“It’s different. You do PFP all the time, and you try and simulate it to where it’s a game-like situation. But you’ve got the adrenaline going. It’s hard, because they’re obviously not going to hit shots back at you at practice, and then intentionally bobble it like that or drop your glove and try and turn around knowing that a guy is going down the line. It’s something where I know what I did wrong. I’m glad it happened in a game like this and not necessarily one where it mattered.”

On how his command felt: Command was a lot better. I threw some breaking balls for strikes, changeup for strike. Fastballs in and out. It felt good. They really didn’t hit much. It’s just going out there, getting used to the flow of the game and stuff, really not giving them extra outs, which is what happened in the third.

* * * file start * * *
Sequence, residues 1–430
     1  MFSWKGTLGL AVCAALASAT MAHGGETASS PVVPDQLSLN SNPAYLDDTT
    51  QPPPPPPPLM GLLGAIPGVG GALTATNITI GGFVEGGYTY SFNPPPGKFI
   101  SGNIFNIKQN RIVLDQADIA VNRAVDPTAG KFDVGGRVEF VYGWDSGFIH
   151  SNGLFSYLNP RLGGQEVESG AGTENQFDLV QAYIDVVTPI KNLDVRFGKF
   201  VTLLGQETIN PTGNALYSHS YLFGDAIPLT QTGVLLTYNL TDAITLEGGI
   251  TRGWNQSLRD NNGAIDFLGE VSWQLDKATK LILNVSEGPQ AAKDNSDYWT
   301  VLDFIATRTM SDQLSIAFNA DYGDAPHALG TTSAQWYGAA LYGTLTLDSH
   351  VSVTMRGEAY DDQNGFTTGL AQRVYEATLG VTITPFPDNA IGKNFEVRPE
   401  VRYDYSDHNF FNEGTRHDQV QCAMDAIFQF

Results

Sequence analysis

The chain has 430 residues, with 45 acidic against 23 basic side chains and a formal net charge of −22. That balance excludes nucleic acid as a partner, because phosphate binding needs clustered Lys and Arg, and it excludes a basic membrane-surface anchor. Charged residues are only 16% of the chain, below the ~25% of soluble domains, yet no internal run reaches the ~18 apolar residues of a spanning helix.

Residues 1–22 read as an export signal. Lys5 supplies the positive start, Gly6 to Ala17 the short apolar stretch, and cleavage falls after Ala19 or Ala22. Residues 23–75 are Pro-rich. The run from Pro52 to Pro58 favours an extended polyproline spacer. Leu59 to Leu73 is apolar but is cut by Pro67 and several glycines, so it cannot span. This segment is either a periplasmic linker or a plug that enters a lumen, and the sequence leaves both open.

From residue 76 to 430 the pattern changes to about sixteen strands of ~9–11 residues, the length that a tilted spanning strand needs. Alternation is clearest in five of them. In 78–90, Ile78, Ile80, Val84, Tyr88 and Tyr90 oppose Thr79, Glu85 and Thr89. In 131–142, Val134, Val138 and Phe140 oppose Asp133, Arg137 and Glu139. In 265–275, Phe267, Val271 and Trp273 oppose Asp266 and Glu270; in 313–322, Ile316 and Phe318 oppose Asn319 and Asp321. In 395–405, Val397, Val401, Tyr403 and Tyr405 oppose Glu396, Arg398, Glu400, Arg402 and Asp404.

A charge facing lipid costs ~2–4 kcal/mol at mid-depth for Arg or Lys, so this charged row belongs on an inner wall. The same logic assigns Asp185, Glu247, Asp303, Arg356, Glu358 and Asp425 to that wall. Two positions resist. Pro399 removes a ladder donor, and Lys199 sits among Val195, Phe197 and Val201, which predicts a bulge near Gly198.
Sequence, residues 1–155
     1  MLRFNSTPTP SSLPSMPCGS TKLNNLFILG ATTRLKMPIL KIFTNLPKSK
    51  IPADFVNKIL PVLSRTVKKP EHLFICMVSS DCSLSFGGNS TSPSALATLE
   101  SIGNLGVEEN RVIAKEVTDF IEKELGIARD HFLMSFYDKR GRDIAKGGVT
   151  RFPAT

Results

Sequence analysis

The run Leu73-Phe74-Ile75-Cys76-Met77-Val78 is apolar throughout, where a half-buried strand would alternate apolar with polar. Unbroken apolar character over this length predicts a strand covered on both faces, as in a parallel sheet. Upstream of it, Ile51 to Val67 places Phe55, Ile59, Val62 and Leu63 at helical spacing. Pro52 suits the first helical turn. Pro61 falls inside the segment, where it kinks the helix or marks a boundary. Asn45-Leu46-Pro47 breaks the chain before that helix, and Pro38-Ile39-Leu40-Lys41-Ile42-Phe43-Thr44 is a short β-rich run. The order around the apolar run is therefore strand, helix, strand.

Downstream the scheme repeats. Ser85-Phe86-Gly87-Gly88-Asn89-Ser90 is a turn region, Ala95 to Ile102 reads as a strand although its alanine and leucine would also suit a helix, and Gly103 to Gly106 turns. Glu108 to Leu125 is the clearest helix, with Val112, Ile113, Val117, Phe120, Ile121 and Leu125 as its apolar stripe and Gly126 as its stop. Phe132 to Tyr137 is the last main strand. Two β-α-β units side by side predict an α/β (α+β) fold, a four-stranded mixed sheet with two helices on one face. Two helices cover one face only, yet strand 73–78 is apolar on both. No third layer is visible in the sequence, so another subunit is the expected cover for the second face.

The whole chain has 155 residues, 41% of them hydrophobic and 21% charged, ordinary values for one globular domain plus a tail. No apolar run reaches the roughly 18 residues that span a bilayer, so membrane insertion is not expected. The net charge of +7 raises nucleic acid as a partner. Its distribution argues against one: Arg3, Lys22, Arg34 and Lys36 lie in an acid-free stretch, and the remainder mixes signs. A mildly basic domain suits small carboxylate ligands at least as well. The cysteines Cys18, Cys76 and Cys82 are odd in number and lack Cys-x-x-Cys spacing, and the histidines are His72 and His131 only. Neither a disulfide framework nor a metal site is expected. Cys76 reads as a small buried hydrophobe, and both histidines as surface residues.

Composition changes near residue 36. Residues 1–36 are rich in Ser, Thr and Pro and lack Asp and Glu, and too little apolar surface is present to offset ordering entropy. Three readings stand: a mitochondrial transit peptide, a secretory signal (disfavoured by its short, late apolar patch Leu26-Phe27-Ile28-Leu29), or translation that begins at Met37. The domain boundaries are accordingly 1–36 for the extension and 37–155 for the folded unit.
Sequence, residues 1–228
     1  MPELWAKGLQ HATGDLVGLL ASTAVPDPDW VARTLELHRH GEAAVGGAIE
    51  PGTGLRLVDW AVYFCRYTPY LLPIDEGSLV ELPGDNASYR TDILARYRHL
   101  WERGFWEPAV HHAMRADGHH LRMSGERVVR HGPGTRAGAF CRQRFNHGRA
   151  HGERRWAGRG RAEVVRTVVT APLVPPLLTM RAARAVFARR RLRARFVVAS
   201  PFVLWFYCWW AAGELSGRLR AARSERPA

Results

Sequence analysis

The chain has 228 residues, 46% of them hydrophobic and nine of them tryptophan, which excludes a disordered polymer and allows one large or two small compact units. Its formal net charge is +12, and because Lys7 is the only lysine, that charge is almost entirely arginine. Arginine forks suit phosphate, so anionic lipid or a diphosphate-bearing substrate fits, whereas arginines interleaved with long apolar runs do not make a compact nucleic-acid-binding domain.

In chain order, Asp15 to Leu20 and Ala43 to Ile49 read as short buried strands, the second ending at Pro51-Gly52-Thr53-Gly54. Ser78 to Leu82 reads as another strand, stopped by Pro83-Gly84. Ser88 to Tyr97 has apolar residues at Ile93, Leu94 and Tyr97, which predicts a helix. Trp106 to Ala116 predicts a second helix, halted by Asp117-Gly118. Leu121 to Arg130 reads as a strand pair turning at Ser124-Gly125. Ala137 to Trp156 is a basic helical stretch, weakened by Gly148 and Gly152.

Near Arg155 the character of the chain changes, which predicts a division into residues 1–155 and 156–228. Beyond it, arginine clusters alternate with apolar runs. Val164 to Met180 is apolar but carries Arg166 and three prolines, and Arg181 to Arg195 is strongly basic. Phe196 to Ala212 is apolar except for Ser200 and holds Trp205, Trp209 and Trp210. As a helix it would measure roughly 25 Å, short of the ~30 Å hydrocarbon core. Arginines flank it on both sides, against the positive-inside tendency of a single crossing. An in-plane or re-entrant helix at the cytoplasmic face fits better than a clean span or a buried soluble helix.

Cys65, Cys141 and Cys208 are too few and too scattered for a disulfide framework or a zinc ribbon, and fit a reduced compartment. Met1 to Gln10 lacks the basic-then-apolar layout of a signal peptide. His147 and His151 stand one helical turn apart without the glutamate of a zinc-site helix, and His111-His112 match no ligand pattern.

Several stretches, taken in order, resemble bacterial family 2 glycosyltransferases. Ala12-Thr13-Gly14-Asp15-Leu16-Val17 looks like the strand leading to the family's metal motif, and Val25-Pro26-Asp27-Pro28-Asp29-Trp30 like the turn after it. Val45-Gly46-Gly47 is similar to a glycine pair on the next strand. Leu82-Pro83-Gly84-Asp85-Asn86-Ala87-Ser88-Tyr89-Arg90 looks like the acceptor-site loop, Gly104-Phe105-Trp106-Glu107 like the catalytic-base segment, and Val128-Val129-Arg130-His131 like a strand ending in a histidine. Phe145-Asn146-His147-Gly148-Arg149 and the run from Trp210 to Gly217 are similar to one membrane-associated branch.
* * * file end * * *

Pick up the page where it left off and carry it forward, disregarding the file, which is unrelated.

On if he lobbied to go back out for the fourth: “It would have been nice. But 14 pitches, they just wanted me to go in (the bullpen). They liked what they saw. Just go out there in the bullpen, just get it in. 

On how he felt on the whole: “As far as progressing and building up, I felt a lot more under control out there. I was a little jumpy the first start. This start I was able to really feel it coming out of my hand and locate it a lot better.

“It’s just repetition. That’s the bottom line. You can go out there and it’s spring. Like tonight. I pitched well, I thought. I didn’t give up many hard hit balls at all. I made a couple mistakes fielding the ball. That’s it. Everybody is out there knowing that it’s spring and getting back into the flow, getting used to the speed of the game again. It’s nothing to be too upset about. Bottom line is I got my work in. It felt good. Stuff was there. It’s all about moving on and getting ready for the next one.